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Mission Moments: colleagues reflect on one-year anniversary of Tennessee tornadoes

Building damaged by tornado

This week marks one year since Middle Tennessee was hit with a deadly outbreak of seven tornadoes that left a 100-mile path of destruction from Nashville to Cookeville, Tennessee. In one of the strongest storms the country has seen in years, dozens of buildings were obliterated, 25 lives were lost and more than 300 were left injured.

Headquartered in Nashville, HCA Healthcare has deep roots in Middle Tennessee, with more than 50 years of history providing lifesaving care to the community. Our Nashvillian colleagues quickly mobilized, and though shaken, stood ready to treat tornado victims and help neighbors in need. Below, a few HCA Healthcare colleagues share how they weathered the storm, leaning on dedication, teamwork and the #NashvilleStrong spirit…

On the night of March 2 and into the early morning hours of March 3, 2020, an EF3 tornado barreled through HCA Healthcare’s hometown of Nashville, Tennessee, snapping power poles in half and leaving homes, music venues and churches in ruins. A stronger E4 tornado touched down further East.

“I remember it vividly,” said Brian Marger, chief executive officer at HCA Healthcare’s TriStar Summit Medical Center. “I was at home watching the news and saw that Middle Tennessee was preparing for nasty weather, which is nothing new for Middle Tennessee. At 11:30 p. m., I started talking with the house supervisor at TriStar Summit, and we realized this wasn’t going to be our typical storm.”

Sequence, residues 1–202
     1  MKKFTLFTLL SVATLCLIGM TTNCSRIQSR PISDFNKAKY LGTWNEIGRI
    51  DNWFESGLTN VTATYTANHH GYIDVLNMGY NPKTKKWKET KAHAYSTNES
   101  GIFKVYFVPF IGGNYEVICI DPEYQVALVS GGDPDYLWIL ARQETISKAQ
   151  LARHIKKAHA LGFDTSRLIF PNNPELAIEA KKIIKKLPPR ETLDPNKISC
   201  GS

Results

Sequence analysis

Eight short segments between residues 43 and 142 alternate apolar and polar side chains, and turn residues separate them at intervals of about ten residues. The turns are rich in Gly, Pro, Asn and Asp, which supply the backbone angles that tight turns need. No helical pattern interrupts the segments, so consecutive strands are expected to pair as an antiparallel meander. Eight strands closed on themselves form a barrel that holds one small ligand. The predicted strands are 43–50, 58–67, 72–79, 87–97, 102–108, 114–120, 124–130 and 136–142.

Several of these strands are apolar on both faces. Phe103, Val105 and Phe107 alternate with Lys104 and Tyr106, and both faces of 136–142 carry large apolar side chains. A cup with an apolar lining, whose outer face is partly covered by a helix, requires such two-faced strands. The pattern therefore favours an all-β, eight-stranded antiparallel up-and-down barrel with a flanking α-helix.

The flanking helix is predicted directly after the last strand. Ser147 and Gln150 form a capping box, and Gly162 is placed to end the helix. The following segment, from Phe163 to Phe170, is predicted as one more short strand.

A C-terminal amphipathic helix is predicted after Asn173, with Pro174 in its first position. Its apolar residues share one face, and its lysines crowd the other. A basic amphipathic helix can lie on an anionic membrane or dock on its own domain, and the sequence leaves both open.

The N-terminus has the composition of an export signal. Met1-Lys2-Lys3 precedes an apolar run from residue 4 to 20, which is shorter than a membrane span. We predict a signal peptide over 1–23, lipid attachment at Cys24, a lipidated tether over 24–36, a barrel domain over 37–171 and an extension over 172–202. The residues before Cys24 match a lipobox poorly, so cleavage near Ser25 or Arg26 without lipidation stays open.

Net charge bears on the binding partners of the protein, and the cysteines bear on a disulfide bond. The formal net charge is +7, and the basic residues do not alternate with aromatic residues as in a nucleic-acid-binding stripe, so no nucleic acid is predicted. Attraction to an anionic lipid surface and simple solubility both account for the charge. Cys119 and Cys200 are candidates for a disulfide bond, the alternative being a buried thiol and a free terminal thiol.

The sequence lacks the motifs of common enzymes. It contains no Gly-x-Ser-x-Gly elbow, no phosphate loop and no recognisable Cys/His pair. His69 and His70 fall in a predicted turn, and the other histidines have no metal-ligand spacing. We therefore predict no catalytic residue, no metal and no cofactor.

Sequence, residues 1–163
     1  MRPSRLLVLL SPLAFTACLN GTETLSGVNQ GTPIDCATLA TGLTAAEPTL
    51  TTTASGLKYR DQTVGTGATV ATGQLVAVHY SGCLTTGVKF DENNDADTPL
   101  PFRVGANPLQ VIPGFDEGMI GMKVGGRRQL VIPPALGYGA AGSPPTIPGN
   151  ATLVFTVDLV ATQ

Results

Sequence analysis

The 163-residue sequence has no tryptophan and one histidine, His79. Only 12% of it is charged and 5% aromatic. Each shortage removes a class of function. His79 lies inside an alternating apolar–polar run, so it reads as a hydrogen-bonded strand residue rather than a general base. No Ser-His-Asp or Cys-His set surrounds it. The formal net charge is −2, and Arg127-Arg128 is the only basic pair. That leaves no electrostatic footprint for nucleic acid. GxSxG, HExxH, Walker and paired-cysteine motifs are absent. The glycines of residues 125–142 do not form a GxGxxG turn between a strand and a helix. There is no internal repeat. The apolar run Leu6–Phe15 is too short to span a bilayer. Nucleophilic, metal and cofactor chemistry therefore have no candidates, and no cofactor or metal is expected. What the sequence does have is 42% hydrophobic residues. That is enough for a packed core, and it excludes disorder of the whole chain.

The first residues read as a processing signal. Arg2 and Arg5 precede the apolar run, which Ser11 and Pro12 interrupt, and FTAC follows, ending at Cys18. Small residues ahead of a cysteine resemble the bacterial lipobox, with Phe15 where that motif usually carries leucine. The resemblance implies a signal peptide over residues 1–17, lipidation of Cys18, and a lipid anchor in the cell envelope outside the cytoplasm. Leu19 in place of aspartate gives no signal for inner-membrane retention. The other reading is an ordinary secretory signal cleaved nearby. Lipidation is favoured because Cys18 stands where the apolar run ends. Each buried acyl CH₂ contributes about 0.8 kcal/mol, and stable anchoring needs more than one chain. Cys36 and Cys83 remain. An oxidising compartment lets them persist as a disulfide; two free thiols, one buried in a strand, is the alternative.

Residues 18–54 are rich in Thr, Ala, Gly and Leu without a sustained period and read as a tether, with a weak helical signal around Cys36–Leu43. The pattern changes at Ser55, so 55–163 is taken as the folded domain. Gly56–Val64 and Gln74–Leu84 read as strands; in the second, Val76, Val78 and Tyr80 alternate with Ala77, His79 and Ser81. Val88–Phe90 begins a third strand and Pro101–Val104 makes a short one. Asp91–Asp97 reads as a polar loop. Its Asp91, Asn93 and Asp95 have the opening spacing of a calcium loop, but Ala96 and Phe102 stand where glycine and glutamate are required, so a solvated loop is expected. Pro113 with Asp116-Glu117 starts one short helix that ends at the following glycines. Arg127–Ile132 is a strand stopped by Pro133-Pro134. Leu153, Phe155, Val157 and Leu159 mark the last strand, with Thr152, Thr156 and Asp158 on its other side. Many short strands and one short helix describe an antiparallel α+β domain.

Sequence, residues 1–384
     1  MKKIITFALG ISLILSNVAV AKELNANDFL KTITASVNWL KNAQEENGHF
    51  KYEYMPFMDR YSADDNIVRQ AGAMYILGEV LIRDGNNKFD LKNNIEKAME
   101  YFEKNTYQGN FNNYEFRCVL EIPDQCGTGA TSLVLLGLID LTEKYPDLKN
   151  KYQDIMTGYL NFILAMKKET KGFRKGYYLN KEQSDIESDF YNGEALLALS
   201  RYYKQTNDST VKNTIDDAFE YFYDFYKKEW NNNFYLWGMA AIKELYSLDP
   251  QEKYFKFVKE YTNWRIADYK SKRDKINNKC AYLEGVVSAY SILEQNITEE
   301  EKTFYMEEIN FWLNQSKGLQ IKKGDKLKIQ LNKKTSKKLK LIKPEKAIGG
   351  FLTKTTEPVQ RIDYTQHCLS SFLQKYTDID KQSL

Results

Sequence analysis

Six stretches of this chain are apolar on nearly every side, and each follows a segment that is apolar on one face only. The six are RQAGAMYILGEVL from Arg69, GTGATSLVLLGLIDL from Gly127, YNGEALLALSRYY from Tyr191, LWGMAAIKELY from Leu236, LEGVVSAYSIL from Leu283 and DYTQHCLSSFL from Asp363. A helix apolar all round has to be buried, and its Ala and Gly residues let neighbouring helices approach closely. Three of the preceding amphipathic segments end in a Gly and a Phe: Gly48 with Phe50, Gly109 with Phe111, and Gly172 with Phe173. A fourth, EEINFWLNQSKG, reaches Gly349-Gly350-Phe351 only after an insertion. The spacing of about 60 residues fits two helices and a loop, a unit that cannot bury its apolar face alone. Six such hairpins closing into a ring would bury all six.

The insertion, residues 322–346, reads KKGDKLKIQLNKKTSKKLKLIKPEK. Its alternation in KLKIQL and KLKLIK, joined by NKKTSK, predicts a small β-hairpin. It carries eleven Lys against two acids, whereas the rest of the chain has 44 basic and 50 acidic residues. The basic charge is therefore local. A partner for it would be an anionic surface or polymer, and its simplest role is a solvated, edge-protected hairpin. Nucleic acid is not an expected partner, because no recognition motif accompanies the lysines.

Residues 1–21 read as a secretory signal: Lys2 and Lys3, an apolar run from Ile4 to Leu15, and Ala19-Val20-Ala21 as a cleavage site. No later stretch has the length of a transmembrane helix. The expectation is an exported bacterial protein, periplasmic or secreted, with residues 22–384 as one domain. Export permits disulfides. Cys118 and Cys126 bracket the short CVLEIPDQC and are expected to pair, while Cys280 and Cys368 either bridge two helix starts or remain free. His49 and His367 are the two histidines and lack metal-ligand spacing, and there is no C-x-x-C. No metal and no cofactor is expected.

“The tornado came within 50 yards of the hospital, and a whole path of homes adjacent to our hospital were just gone,” Brian reflects.

HCA Healthcare colleagues at TriStar Summit Medical Center began receiving nearby victims.

A group of hospital caregivers hold hands and bow their heads around a table
(March 2020) Caregivers at TriStar Summit Medical Center gather for a moment of silence.

“They tell you to prepare for the worst in the ER, but I truly didn’t know what the worst could be,” said Katelyn Clark, an emergency room nurse at TriStar Summit Medical Center. “It was a very stressful night, but everybody comes together during very trying times.”

Katelyn and her team took care of 34 tornado victims. “I am extremely proud of our team every day I work with them, but the night of the tornadoes, I could not have been more proud,” she adds.

A group of hospital caregivers posing for a photo
In March 2020, TriStar Summit Medical Center chief executive officer, Brian Marger stated: “We are fortunate for our dedicated caregivers who continue to care for patients during and after the storm. Though a storm of this magnitude has tested the resolve of the communities we serve, we stand united in its recovery and committed to our patients and people in the days ahead.”

Standing ready in times of need

Over the years, HCA Healthcare has stood ready to help our communities respond to natural disasters such as wildfires, earthquakes, tornadoes and storms, as well as man-made crises like major car accidents and mass shootings.

A man wearing a suit looks at a map on a large screen while another man works on a computer nearby
HCA Healthcare’s Emergency Operations Center, located in Nashville, Tennessee, helped TriStar Health facilities respond to the March 2020 tornadoes.

With planning and preparation we are able to stay at the ready to respond to emergencies. Teams operating out of regional offices and our HCA Healthcare’s Emergency Operations Center (EEOC) in Nashville, Tennessee, participate in regular drills and full-scale disaster exercises so we can deploy when needed.

“We prepare every day for various types of disasters,” explained Michael Wargo, vice president and chief of emergency preparedness and emergency operations at HCA Healthcare. With the threat of possible nocturnal tornadoes, Michael and his team established a chain of communication with TriStar Health and began to initiate preparedness measures.

The EEOC deployed large generators, ice trucks and water trucks in order to ensure the hospital had everything needed to provide safe patient care without interruption during the tornadoes.